July 5 (Bloomberg) -- Service industries in the U.S. expanded in June at the slowest pace since January 2010, a sign the biggest part of the economy is struggling to gain momentum.
The Institute for Supply Management’s non-manufacturing index dropped to 52.1, less than projected, from 53.7 in May, the Tempe, Arizona-based group said today. The median forecast of 70 economists surveyed by Bloomberg News called for 53. Readings above 50 signal expansion.
Companies from Family Dollar Stores Inc. to FedEx Corp. are seeing waning demand, underscoring concern about Europe’s debt crisis, cooling global markets and an absence of U.S. fiscal policy clarity that’s also hurting manufacturing. Limited hiring and income growth indicate households will be reluctant to step up purchases, which account for about 70 percent of the economy.
“We can’t seem to break out into a strong, sustained expansion,” Omair Sharif, a U.S. economist at RBS Securities Inc. in Stamford, Connecticut, said before the report. “Everything is still in fits and starts. The pace of growth isn’t enough to meaningfully reduce unemployment.”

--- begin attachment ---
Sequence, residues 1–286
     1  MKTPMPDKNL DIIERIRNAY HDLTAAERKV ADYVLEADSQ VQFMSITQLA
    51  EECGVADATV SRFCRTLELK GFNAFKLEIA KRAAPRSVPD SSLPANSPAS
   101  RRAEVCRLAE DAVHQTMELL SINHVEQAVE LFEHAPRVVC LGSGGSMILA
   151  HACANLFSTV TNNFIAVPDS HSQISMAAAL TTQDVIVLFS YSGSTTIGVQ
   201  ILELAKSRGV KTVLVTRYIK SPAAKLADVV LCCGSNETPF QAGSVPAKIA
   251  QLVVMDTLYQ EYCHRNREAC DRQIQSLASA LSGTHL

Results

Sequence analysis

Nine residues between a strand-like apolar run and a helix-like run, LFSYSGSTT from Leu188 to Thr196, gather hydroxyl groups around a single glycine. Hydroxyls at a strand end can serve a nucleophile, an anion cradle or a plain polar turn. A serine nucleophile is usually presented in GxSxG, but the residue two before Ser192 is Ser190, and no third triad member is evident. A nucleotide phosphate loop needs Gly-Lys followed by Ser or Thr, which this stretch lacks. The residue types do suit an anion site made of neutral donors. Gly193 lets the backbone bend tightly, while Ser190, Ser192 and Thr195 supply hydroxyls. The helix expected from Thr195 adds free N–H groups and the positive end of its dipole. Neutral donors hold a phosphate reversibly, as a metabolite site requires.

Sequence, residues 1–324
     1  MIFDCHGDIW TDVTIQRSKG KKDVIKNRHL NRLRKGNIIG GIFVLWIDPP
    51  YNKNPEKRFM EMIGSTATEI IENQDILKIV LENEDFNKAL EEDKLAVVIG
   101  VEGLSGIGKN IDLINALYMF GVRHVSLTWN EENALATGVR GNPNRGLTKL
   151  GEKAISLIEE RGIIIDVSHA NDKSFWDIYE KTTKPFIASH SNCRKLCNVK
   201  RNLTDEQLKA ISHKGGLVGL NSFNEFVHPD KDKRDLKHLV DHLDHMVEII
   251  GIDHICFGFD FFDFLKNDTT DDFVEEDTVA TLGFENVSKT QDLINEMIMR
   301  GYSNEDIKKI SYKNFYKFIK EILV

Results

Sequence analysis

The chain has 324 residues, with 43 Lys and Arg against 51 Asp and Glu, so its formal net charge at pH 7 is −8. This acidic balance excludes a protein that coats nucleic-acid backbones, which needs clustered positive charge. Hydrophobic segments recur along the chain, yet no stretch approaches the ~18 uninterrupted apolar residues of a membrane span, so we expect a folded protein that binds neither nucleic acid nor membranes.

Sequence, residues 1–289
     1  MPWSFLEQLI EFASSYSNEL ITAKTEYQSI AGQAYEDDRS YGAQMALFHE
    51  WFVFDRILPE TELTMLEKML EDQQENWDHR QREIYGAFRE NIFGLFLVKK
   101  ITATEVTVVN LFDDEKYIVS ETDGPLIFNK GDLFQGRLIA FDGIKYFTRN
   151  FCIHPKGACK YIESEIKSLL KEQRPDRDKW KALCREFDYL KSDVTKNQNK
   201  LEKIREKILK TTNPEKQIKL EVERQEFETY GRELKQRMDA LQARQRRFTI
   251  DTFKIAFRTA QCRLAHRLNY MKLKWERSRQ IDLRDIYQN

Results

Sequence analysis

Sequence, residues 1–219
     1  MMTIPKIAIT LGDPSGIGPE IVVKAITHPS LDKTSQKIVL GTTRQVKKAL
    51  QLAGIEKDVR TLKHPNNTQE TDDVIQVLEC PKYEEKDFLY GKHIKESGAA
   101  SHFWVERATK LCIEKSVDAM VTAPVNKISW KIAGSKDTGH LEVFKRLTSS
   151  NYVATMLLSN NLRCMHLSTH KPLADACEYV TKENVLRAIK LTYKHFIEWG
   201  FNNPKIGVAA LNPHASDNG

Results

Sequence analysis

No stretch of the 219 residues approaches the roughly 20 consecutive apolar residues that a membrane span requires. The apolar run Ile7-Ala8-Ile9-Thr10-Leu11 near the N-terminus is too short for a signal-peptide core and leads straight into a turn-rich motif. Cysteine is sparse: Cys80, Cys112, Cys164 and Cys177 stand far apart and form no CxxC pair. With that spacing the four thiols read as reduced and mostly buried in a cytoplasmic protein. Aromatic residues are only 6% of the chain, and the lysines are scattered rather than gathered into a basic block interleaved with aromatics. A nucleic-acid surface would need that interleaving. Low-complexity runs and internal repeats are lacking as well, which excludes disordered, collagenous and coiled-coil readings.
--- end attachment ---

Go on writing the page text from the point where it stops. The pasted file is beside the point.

Economists’ estimates in the Bloomberg survey ranged from 51.5 to 54.2. Before the latest numbers, the index averaged 53.4 since the recession ended in June 2009.
Stocks fell, snapping a three-day advance for the Standard & Poor’s 500 Index, as optimism with jobless claims data fizzled on concern over the outlook for global growth. The S&P 500 dropped 0.7 percent to 1,364.55 at 10:17 a.m. in New York.
Fewer Americans than forecast filed first-time claims for unemployment insurance payments last week, Labor Department figures showed. Applications for jobless benefits decreased 14,000 in the week ended June 30 to 374,000, the fewest since the middle of May.
Companies added more workers than forecast in June, according to a report from Roseland, New Jersey-based ADP Employer Services. The 176,000 gain last month followed a 136,000 rise the prior month that was higher than initially estimated.
The ISM non-manufacturing survey’s measure of business activity dropped to 51.7, the lowest since November 2009, from 55.6. The gauge of new orders decreased to an eight-month low of 53.3 from 55.5. An index of prices paid decreased to 48.9, the weakest since July 2009, from 49.8.
The employment gauge climbed to 52.3 from 50.8 in the prior month.
The ISM services survey covers industries ranging from utilities and retailing to health care and finance.